The CALL Executive Board approved a resolution of thanks that I was pleased to deliver to the Illinois Library Association (ILA) at its annual meeting in Springfield on October 15th.
The well-attended Members’ Meeting was held at 11:30 a.m., and I was there in plenty of time to surprise Kip Kolkmeier, the ILA Legislative Consultant who did more than anyone else to gain passage of the Uniform Electronic Legal Material Act (UELMA) in Illinois. Continue reading Giving Thanks for Kip Kolkmeier’s Efforts to Pass UELMA in Illinois
Those of us who attended the November CALL business meeting were given a treat when our featured speaker, Kip Kolkmeier, provided a rundown on the situation in Springfield. Kip summarized the many issues facing the legislature – not only the usual budget woes and redistricting fights, but the enormous unfunded pension obligation that looms over the state right now. Kip managed to tell us the sad tale while making it extremely interesting and entertaining. Continue reading Kip Kolkmeier: Advocate for Illinois Libraries
I had the pleasure of attending the Cook County Law Library’s re-dedication event on September 26, and I am writing to you about this great public library in the hope that all of us can support it and perhaps help ensure its services for at least another fifty years.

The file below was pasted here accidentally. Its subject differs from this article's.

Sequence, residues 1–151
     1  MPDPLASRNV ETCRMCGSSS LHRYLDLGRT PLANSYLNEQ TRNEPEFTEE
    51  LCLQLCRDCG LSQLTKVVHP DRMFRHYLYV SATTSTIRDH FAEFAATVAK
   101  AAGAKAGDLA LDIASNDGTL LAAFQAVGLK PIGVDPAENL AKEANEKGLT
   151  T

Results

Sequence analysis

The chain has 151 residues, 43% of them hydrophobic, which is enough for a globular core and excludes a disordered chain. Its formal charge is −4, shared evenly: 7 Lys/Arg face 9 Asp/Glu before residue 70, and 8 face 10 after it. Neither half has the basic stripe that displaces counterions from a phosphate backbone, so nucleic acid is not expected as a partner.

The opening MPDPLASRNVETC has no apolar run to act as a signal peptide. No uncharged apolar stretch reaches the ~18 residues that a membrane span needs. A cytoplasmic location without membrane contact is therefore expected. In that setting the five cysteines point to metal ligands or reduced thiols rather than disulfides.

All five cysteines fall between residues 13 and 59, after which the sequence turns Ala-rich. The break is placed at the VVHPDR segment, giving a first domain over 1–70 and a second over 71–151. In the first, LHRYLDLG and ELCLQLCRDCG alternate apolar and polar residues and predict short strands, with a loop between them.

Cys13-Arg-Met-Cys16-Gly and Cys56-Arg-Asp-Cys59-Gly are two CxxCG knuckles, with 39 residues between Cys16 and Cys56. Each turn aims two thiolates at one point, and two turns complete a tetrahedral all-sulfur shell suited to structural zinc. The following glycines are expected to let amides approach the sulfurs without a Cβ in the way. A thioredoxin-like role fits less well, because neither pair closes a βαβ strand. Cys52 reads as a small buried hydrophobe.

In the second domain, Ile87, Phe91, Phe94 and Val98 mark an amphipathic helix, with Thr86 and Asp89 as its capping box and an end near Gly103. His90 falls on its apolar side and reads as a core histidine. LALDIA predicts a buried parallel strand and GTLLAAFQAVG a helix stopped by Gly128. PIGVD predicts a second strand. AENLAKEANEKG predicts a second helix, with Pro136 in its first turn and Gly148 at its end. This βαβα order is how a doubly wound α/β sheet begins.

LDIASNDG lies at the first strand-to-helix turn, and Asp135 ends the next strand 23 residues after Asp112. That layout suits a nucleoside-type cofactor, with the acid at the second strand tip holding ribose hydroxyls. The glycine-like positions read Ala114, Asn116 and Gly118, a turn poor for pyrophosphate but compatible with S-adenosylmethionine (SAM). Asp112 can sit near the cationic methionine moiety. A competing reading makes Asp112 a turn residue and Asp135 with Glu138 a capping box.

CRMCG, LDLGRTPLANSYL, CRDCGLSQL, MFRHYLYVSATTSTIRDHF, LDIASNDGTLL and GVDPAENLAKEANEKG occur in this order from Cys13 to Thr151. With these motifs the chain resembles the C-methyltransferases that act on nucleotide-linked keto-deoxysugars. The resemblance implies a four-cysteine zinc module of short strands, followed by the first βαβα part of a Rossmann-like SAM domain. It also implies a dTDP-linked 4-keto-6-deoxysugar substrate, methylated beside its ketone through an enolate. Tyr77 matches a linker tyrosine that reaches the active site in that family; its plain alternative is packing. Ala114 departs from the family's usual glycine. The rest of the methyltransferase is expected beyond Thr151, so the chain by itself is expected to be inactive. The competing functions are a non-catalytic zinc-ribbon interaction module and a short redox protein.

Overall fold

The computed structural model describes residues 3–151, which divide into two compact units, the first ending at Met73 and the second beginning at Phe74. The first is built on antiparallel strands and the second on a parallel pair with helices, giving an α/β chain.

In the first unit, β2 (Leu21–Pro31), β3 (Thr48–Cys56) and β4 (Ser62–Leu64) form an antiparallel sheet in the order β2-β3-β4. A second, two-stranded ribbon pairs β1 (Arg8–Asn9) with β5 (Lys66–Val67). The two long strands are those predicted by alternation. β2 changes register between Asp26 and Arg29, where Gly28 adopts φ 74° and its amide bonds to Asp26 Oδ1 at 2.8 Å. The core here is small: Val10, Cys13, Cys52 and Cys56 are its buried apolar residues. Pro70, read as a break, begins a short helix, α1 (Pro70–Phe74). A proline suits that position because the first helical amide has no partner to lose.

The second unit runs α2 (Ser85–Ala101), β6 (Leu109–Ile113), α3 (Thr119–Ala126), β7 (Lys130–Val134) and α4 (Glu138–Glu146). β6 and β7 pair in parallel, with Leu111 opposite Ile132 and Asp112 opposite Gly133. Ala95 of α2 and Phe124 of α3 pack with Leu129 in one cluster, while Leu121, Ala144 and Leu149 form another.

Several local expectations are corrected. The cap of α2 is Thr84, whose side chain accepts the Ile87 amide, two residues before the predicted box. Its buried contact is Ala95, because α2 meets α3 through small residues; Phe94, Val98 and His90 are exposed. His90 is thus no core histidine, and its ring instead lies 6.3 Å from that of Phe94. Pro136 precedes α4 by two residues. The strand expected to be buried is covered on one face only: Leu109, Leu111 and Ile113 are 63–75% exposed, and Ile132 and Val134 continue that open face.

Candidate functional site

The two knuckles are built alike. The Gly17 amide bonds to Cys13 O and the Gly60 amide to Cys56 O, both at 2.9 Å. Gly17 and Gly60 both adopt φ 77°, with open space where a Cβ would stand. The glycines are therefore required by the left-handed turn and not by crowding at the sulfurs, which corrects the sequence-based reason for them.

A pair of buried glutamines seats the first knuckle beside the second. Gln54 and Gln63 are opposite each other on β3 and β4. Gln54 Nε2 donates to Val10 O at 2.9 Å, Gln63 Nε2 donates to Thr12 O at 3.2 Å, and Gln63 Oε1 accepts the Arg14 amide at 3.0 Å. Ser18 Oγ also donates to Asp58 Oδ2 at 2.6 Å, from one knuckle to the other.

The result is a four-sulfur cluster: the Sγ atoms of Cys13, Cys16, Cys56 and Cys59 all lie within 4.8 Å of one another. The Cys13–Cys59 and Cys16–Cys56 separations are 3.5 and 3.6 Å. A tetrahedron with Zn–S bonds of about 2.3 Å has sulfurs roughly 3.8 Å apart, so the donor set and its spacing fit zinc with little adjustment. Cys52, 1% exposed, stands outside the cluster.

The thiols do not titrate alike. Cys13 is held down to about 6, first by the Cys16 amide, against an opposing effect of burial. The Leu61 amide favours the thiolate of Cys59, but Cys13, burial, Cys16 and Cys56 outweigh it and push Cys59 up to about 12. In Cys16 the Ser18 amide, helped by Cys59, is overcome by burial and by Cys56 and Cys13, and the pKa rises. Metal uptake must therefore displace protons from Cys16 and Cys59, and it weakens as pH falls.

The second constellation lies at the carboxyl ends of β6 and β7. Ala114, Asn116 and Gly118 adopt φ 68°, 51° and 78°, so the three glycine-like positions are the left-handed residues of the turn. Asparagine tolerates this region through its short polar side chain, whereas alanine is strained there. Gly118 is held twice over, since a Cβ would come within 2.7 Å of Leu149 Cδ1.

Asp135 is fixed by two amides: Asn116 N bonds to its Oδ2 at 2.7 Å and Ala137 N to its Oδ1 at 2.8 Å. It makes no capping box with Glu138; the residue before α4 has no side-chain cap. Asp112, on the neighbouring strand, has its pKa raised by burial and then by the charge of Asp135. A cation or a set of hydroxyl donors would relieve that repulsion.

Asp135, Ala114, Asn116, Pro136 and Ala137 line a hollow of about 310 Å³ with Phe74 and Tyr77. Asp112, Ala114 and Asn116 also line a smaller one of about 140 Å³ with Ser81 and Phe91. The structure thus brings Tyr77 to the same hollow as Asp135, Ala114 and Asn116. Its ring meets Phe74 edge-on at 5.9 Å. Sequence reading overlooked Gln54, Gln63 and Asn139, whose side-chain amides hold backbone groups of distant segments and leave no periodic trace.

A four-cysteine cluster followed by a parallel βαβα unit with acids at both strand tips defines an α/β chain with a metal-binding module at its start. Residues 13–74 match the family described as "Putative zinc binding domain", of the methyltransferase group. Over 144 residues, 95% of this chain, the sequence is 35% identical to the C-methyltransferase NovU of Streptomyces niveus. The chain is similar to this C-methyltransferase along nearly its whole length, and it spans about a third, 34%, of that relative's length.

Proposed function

The Cook County Law Library is our region’s greatest public collection of historical and current legal resources. Although the Law Library was dedicated in 1963, its collection really began when the Chicago Law Institute was incorporated in 1857. The population of Cook County was less than 50,000 at that time, but the community was growing rapidly and so was the need for legal services. Continue reading The Cook County Law Library: 50 Years of Service
The post below, reprinted from Kevin McClure’s blog, GovDocsGuy, is a challenge to library directors, so I want to highlight the post again in case you didn’t see it and take a moment to add a prequel that provides one director’s perspective. Now that I have given some thought to the matter, it occurs to me that I have never worked in a library that wasn’t a federal depository. Why does a depository matter now, in a world that shuns print?
I can tell you why I think it matters. The law libraries in the depository program have managed to keep the United States Code and some other important legal titles in print. We are the ones who took to heart the user’s need to be certain that an online document is authentic and unaltered. Continue reading Federal Depository Library Program still matters, still needs voices of libraries
Newsletter of the Chicago Association of Law Libraries